I started in Sept 1961 but was only aged 11 (rather than the more usual 12-13yrs old). This was because my father was in
the RAF and was posted to Kenya (Eastleigh). The RAF base school wasn't considered suitable for me (I had passed
the "Murray House" exam - equivalent to the 11+ exam at the time) so I was offered a day place at PoW. It was somewhat of
a culture shock and being 1-2 years younger than the rest, a special 'catch up class' for some subjects - eg Latin,
French, - was formed for about half a dozen of us in similar circumstances.
I was put into Hawke House (Juniors) and tried to get to grips with the new academic subjects - and the phenomenal amount
of sports - none of which I excelled at unfortunately! Two years age difference at that age was rather significant and I
sorry to say I suffered some bullying - from other Forces children in the main however.
Looking back, it was really the last 6 months or so of my time there that I to enjoyed the school, but nevertherless, it
had a tremendous impact on me - not least for giving me a much broader view of life and other people's lifestyles!
I left in the summer of 1963 to return to the North East of England where I attended a local Grammar School, and after
leaving there, I trained as a Cartographer which I worked at until 1984. I then decided to change direction totally and
went to University to train as a Careers Adviser. As well as undertaking guidance and advice for young people in the area,
I also became involved in Marketing and arranging Careers Exhibitions. Latterly I was managing the local 'Connexions'
centre (the Careers Service became known as Connexions approx four years ago) and I have just taken early retirement.
A few memories include waiting on the field in front of the school for the RAF 'gari' to arrive and blank mortar shells
falling not too far away! I was also at the school when the first black Kenyans were allowed to attend - which I'm sorry
to say didn't go down well with all pupils. I also remember the golf course being built whilst I was there and the
Motor Club acquiring two new Ford Taunus cars. The Mikado was put on in the school hall (with a straw roof?? - or is my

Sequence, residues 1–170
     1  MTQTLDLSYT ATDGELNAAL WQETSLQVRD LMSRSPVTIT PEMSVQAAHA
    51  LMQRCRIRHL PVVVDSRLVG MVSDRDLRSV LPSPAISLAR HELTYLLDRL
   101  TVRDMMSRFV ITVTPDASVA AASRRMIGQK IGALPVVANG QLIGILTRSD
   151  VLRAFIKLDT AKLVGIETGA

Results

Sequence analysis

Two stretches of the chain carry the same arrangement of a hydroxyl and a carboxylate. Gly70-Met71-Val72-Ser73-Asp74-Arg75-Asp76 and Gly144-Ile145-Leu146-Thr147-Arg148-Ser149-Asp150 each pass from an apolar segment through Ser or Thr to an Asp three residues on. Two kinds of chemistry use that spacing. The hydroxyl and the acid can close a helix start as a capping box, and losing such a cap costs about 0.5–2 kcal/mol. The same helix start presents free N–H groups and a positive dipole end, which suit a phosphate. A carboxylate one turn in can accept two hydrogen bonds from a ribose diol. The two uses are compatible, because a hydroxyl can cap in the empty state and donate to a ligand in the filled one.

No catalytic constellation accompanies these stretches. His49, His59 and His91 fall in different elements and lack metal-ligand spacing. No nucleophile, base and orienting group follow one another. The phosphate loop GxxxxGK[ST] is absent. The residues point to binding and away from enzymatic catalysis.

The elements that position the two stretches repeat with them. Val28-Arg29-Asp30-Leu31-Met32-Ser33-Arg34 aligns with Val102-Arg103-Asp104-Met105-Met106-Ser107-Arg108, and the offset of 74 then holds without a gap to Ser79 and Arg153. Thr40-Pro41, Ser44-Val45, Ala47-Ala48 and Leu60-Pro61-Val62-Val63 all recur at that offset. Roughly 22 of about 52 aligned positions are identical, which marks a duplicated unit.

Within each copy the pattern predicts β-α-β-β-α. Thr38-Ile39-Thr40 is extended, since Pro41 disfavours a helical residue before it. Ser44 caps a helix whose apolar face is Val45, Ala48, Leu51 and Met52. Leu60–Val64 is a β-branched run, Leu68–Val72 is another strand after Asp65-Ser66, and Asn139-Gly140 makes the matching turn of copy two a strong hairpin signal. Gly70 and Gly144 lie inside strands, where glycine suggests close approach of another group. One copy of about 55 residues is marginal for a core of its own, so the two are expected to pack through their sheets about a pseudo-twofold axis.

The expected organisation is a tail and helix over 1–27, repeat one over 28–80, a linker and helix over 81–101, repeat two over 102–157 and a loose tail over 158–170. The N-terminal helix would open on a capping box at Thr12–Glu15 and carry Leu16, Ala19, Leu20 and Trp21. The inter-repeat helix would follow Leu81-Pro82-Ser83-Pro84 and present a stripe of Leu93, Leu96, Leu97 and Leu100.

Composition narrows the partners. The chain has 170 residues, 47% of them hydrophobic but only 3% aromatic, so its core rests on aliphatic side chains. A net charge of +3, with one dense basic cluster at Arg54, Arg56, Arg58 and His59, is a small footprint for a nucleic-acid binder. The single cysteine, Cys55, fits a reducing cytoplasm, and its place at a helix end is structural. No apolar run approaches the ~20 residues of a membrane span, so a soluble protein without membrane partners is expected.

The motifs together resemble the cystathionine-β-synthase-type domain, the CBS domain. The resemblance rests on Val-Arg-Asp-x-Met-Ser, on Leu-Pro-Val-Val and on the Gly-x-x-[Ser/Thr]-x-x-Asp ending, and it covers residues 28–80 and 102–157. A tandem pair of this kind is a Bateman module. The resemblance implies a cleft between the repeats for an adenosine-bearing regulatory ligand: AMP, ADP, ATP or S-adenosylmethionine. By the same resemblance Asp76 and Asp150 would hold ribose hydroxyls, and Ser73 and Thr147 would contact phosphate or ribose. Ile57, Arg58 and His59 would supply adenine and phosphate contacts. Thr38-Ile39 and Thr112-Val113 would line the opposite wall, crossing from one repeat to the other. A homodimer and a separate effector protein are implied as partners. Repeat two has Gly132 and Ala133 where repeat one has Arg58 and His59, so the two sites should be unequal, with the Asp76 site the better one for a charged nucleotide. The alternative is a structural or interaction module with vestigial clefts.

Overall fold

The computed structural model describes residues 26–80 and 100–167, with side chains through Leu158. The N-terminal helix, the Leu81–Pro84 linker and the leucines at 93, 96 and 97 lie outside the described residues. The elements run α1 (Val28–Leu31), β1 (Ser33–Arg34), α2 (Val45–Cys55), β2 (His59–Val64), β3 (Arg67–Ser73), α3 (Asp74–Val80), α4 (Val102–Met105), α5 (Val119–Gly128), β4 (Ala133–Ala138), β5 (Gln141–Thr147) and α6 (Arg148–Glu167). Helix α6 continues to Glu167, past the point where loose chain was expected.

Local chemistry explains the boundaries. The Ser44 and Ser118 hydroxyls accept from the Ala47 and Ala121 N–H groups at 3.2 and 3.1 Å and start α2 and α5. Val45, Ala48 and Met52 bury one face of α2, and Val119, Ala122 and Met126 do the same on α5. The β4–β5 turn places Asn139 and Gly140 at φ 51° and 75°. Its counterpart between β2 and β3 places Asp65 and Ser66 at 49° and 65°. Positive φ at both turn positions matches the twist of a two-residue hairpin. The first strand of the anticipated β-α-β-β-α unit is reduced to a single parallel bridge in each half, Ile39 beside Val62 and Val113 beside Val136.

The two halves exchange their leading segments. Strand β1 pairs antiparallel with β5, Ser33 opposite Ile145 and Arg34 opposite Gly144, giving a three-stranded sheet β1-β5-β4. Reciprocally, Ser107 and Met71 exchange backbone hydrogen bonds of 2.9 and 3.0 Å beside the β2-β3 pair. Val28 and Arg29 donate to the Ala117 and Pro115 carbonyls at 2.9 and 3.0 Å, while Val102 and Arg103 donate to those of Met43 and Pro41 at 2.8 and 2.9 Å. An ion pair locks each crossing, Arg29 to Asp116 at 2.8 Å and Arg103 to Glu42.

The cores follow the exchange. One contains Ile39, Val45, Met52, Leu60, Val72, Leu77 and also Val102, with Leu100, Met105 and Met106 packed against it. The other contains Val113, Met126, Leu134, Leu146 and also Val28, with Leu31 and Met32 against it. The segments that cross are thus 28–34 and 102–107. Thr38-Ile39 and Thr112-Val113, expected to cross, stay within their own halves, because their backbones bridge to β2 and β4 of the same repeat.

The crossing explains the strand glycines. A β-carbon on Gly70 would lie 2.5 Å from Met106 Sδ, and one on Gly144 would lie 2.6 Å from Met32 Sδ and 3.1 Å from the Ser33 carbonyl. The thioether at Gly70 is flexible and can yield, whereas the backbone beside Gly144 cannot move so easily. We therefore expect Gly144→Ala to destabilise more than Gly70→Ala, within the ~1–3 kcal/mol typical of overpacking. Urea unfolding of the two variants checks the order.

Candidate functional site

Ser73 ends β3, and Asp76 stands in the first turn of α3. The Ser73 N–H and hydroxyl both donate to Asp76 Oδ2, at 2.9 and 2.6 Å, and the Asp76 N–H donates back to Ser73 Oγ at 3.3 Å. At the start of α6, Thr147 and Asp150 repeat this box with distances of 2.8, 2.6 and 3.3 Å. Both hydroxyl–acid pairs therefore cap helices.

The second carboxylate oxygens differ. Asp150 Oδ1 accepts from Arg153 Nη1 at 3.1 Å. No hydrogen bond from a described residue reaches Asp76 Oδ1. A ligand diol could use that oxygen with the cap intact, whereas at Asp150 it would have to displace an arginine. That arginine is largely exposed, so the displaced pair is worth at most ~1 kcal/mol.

memory and imagination getting mixed up?). Mr Wigmore was the Headmaster at the time and I always remember him being very
fair and even handed. I'm struggling to remember the names of staff there - there was an elderly (to us) and sweet lady
who taught History - she had apparently come out to Nairobi when - or shortly after - the railway was built. A Mr
McClelland-Simm who taught Art - and a new R.E. teacher who was 6'7" tall and a keen cricketer. Also I think a
Mr Saville who had a Labradour that used to sit in his red Hillman Sunbeam convertable in the fine weather. I was also
there when the Saturday morning lessons were extended from 4 periods (11.30 finish) to 6 periods (1.00pm finish) -
devastating to a very young day pupil!
As you can see, Steve, very vague memories of specifics but obviously a long and lasting impression of my time there -
I'm really grateful to my parents for making me stick with it (although I didn't appreciate it at the time!). When I
returned to the U.K. I was amazed by the narrow views and interests of the pupils in the Grammar school after having
experienced such a diverse group of pupils and staff at PoW - however all the swimming I did in Kenya ensured me a place
straight away on the school swimming team where I won several trophies etc. over the next few years. The Latin never
Note from Webmaster:
Alan made a pilgrimage back to the School in July 2006. You can see his photos by
(Registered - 16th Sept 2006)
If anyone wishes to contact Alan, please e-mail firstname.lastname@example.org
to obtain his contact details